Ulcers are slow healing wounds on the skin. Diabetic foot ulcers occur on the feet of people with type 1 and type 2 diabetes. Up to 15% of people with diabetes are at risk for developing foot ulcers. Diabetic foot ulcers usually occur on the bottom of the foot.
The sooner a diabetic foot ulcer is treated, the better the outcome. Ulcers that do not heal or develop a severe infection may lead to amputation of the foot. About 80% of leg amputations in the US started off as diabetic foot ulcers.
Diabetes can damage the nerves of the legs and feet. This may make it difficult to feel a blister or sore. If you don't care for a sore it may become larger and infected.
Diabetes also can causes problems with blood flow. Poor blood flow can make it difficult to heal.
The ulcer itself is usually caused by:
The following factors increase your chance of developing diabetic foot ulcers. If you have diabetes and any of these risk factors, tell your doctor:
Tell your doctor if you have any of these symptoms:
Your doctor will ask about your symptoms and medical history. A physical exam will be done. Your primary doctor may refer you to a foot specialist.
Tests may include the following:
Talk with your doctor about the best treatment plan for you. Treatment options include the following:
Good wound care is important to help the ulcer heal and prevent infection. Follow your doctor's instructions for wound care. Make sure to clean the wound regularly. Change the dressings often to prevent infection.
Constant pressure on the ulcer can make it difficult to heal. Your doctor may ask you to take some pressure off of the ulcer area. You may be given a special cast or boot. These will take the pressure off of your foot but still allow you to walk.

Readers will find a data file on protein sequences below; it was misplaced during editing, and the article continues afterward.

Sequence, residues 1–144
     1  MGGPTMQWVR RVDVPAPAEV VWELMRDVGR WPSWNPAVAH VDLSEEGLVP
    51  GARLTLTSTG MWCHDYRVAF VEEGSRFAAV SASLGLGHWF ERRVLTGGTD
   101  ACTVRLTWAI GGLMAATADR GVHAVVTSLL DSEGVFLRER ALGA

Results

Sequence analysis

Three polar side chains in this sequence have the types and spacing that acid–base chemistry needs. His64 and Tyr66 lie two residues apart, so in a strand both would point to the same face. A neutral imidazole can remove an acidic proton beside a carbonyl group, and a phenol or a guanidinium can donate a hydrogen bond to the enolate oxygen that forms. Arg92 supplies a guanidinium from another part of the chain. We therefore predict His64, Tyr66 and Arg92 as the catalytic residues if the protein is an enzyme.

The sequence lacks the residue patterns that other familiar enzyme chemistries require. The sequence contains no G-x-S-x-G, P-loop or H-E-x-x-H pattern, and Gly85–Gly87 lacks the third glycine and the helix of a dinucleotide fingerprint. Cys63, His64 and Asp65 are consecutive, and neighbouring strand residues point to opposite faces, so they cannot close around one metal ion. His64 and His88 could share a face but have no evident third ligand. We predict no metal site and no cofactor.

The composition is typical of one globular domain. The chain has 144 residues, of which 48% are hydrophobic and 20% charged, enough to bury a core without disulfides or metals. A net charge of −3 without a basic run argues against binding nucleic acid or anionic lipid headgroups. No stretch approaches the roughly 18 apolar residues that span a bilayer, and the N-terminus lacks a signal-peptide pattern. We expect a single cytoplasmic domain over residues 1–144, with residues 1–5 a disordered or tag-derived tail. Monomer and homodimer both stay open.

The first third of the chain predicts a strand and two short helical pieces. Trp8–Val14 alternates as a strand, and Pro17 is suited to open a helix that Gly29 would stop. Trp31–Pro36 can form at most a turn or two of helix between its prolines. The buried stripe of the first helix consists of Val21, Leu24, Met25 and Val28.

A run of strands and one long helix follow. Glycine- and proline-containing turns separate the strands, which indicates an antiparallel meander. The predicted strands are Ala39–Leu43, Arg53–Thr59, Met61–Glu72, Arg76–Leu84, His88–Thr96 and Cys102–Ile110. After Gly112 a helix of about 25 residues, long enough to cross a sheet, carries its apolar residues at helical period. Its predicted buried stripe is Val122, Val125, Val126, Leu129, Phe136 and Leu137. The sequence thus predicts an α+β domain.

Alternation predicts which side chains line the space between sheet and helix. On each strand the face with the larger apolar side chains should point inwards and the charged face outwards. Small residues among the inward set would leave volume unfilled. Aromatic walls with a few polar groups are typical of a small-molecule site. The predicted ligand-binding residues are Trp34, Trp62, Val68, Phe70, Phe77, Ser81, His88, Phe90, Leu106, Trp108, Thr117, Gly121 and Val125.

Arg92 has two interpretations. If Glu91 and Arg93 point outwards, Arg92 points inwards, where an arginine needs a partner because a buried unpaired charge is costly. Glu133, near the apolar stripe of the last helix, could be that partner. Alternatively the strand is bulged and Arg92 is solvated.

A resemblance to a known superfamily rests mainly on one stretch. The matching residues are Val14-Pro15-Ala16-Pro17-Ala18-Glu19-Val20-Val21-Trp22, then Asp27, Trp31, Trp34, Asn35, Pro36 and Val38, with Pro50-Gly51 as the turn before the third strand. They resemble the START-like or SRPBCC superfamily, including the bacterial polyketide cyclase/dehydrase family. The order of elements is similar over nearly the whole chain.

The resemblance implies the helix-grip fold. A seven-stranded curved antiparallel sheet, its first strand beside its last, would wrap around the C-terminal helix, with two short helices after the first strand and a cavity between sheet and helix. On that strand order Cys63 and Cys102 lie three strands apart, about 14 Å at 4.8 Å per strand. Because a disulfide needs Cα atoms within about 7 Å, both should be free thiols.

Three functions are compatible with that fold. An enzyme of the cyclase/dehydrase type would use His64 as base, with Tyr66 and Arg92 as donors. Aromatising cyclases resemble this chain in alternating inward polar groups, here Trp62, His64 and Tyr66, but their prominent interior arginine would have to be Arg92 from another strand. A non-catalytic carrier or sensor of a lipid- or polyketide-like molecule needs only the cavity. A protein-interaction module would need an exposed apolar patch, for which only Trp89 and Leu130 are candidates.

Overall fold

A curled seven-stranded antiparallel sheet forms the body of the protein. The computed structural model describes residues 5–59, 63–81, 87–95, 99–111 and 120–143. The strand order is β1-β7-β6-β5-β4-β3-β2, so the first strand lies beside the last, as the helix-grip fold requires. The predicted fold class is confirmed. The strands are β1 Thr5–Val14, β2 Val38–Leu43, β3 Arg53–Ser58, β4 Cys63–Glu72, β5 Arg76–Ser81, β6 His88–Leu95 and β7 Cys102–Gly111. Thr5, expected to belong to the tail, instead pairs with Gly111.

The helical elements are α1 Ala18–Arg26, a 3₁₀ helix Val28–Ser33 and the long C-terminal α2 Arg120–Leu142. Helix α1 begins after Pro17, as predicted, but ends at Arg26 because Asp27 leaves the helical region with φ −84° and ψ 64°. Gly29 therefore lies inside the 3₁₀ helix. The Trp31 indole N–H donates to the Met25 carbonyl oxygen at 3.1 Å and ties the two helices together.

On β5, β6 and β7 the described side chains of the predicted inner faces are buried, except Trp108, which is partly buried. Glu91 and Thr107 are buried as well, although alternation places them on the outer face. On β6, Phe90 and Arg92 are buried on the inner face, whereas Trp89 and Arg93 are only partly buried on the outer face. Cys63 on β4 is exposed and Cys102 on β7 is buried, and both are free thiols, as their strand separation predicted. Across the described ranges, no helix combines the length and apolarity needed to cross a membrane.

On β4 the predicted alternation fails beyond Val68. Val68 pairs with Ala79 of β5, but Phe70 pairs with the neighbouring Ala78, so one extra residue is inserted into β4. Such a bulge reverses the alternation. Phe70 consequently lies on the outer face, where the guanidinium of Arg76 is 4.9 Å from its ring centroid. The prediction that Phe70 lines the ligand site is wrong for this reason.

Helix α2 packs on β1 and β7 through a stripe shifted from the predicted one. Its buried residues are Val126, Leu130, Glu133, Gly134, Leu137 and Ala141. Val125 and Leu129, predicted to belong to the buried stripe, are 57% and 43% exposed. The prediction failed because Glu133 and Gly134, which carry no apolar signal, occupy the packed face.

Infected ulcers can raise high blood sugar levels. High blood sugar levels can then lower the body's ability to fight infections. The high level also keeps the wound from healing.
Improved blood sugar control will help you fight any infections and heal your wounds. This control is often done with adjustments in your diet or medicine. Sometimes insulin shots are needed in the short-term until your are healthy again.
If you smoke, quit. Smoking can impair healing.
Wear proper footwear. Make sure it fits well.
Some large skin ulcers may have a hard time fully healing even with treatments above. They may need a patch of skin to help close the wound. This process is called a skin graft. Bioengineered skin graft or human skin graft may be used.
If the ulcer is infected, your doctor may recommend antibiotics. You may need to take the medicine for 4-6 weeks. Do not skip doses. Finish the medication as directed.
Your doctor may also recommend a medication to place on the ulcer. These medicine may help speed up healing.
Dead tissue can build up inside and around the wound. This tissue will slow or prevent healing. You may need a surgery to remove the dead tissue and clean the wound. This surgery is called debridement.
Bypass surgery may be needed to improve blood flow to the legs. This surgery uses healthy blood vessels to carry blood past areas of unhealthy blood vessels. The improved blood flow may help with wound healing.
Sometimes an infection is too severe or does not respond to treatment. As a last resort, amputation surgery may be needed. This is the removal a body part to stop the infection from spreading to the rest of the body.
Hyperbaric oxygen therapy may help with healing. This therapy is delivered in a chamber. Pure oxygen is pumped into the chamber. This helps to increase the amount of oxygen in the blood. The extra oxygen can improve healing.
Another option to help accelerate healing is using negative pressure wound therapy. A vacuum device and dressing are used to create negative pressure on the wound. This can help the wound heal faster.
If you are diagnosed with a diabetic foot ulcer, follow your doctor's instructions.
To help reduce your chance of getting diabetic foot ulcers, take the following steps:
American Diabetes Association
American Podiatric Medical Association
Canadian Diabetes Association
Podiatrists in Canada
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Last reviewed September 2012 by Brian Randall
Last Updated: 09/10/2012